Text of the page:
Ninth Grade Curriculum
The Life of Christ
This course presents the life of Christ beginning with His existence prior to creation and His prophesied coming in the Old Testament, proceeding to His birth, His three year ministry, death, resurrection, and extending to His current work in the world, second coming and eventual heavenly rule. This course will teach the goals of establishing a Christ-like character as the students incorporate the teachings of Christ into their own lives.
In biology, students learn about how living things function, from a bottom-up approach. Students begin with learning about the chemical basis of life, continue with studying cells as the basic unit of life, and end with differences among the kingdoms and major phyla. Along the way, they study the basic principles of Mendelian genetics, causes and types of genetic mutations, and the basic theory of Darwinian evolution. Students engage in respectful discussion of scientific evidence that supports Creation as the origin of life and how it contrasts/compares with arguments that support Evolution.
Algebra 1 content involves understanding, writing, solving, and graphing linear and quadratic equations—including systems of two linear equations and inequalities with two unknowns. Quadratic equations are solved by factoring, by completing the square, by using graphs, or by applying the quadratic formula. Students will become proficient with operations on monomial and polynomial expressions. Students are introduced to rational expressions and use their factoring skills to simplify and compute expressions.
The Geometry course includes an in-depth analysis of plane, solid, and coordinate geometry as they relate to both abstract mathematical concepts as well as real-world problem situations. Topics include logic and proof, parallel lines and polygons, perimeter and area analysis, volume and surface area analysis, similarity and congruence, trigonometry, and analytic geometry. Emphasis will be placed on developing critical thinking skills as they relate to logical reasoning and argument. Students will be required to use different technological tools and manipulatives to discover and explain much of the course content.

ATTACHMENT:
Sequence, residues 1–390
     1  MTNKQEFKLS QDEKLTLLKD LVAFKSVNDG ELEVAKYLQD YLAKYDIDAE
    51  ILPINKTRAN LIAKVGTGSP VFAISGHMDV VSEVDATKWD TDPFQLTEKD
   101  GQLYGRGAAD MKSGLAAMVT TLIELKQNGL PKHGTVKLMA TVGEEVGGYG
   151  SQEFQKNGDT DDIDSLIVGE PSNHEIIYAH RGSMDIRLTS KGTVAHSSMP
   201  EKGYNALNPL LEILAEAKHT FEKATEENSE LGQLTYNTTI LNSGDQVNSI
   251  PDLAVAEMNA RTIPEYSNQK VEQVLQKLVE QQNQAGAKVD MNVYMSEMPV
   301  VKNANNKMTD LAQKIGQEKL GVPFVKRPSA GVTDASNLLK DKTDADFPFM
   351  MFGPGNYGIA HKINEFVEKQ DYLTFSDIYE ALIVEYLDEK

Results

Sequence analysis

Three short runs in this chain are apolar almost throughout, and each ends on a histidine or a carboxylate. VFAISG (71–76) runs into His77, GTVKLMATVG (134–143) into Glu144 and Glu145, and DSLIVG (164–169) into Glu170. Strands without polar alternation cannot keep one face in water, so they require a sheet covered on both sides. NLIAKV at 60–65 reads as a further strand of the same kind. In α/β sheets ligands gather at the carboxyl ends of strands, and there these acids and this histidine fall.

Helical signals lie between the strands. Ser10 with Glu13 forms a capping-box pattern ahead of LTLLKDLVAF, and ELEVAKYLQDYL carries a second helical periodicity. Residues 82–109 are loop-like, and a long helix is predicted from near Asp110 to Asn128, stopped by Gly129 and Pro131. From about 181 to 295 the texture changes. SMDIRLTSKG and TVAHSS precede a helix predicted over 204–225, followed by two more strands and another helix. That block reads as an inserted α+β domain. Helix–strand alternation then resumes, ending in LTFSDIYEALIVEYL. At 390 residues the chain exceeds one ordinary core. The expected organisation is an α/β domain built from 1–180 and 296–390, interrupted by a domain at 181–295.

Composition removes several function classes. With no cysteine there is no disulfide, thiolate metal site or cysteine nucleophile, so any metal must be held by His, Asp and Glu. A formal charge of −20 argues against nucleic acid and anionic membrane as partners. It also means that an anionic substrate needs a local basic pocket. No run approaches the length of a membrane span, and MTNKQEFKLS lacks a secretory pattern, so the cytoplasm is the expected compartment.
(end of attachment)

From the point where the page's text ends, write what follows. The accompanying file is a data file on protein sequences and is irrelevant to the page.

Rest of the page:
World Studies III
The course content goals are to understand key political, economic, military, religious, and geographical forces which shaped and still shape our world; to possess a chronological and thematic perspective of western culture and civilization; to possess a visual sense of western civilization and history; and to be able to view western civilization and culture from different perspectives and interpretations. The year will conclude with a research paper on a global issue.
Honors World Literature & Composition
In this course, students will develop abilities in language arts to be able to read, write, speak, and listen for a variety of purposes. The course will focus on composition, grammar, literature, and reading. Literary pieces will focus on the Ancient East and Greece as well as Shakespeare. Writing will include developing effective paragraphs, an autobiographical essay, the five paragraph essay, and quick writes. Research writing will also be a required element using MLA. Grammar will be a weekly focus.
This course builds upon the language skills students gained in their elementary and middle school Spanish classes. At the high school level, all four elements (speaking, reading, writing, and listening) of language learning are taught, with special emphasis given to the development of conversational language skills. The culture of Latin America is also studied through videos and guest speakers from other countries.